If the identity of a spirit is, in many cases, only a secondary question of no great importance, the distinction between good and evil spirits can never be unimportant; for, although their individuality may, under certain circumstances, be indifferent to us, such can never be the case in regard to their quality, because it is their quality alone that can give us the measure of the confidence we should accord to them, whatever may be the name they assume.
As previously remarked, we must judge of spirits as we judge of men, by their language. Supposing a man receives twenty letters from persons unknown to him; by their style, by the thoughts conveyed in them, and by a multitude of other indications, lie will distinguish those which are written by educated persons from those which come from ignorant ones; he will see, by the peculiarities of each letter, whether its writer is well or ill-bred, whether he is shallow or profound, whether he is proud, serious, frivolous, or sentimental. It is just the same with spirits; ‘we must regard them as correspondents, or interlocutors, whom we have never seen, and ask ourselves what we should think of the knowledge and general character of men who should express themselves in the same way. We may lay it down as an invariable rule, admitting of no exception, that the language of spirits is always in, accordance with the degree of their elevation. The communications of really superior spirits are not only excellent, but are always couched in simple and dignified language; and therefore the use of low and unsuitable language, by a spirit, always indicates inferiority on his part, no matter how good may be the intentions implied in it. We need hardly add, that any grossness of language, as of thought, is conclusive proof of a corresponding grossness in the nature of the communicating spirit. The language of a communication always shows its origin, whether by the nature of the thought conveyed, or by the form in which it is given; so that, whenever a spirit tries to deceive us by a pretended superiority, we have only to converse with him a little, in order to appraise him at his true value.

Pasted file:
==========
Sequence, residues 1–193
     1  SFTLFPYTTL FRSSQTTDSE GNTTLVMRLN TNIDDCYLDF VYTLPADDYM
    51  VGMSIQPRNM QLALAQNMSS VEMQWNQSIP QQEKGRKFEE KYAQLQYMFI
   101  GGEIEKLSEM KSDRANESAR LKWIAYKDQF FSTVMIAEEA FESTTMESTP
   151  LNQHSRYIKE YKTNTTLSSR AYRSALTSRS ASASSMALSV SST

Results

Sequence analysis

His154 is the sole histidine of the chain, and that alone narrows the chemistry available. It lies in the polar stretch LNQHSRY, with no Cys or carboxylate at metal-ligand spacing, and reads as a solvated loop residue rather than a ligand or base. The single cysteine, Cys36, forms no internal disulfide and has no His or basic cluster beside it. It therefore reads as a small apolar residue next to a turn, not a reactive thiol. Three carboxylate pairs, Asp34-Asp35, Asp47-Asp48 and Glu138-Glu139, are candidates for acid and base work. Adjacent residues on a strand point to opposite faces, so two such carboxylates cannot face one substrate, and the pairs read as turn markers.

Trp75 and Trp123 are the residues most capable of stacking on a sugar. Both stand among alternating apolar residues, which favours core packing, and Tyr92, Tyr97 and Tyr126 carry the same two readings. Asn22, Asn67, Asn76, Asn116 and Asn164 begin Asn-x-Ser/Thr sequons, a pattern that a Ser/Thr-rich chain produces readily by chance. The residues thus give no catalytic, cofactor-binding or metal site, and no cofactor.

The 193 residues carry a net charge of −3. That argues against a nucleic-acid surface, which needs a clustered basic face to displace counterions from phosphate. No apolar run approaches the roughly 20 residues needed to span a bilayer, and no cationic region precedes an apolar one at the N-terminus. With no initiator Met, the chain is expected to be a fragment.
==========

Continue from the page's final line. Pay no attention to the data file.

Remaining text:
Kindness and benevolence are also essential attributes of purified spirits ; they have no hatred, either for men or for other spirits; they pity the weaknesses of those who are below them, and, though they criticise their errors, they always do so with moderation, and without bitterness or animosity. If we admit that really good spirits can only desire the good of others, and can only give utterance to kind and noble sentiments, we must necessarily conclude that language, evidencing a want of kindness or nobility, cannot emanate from a good spirit.
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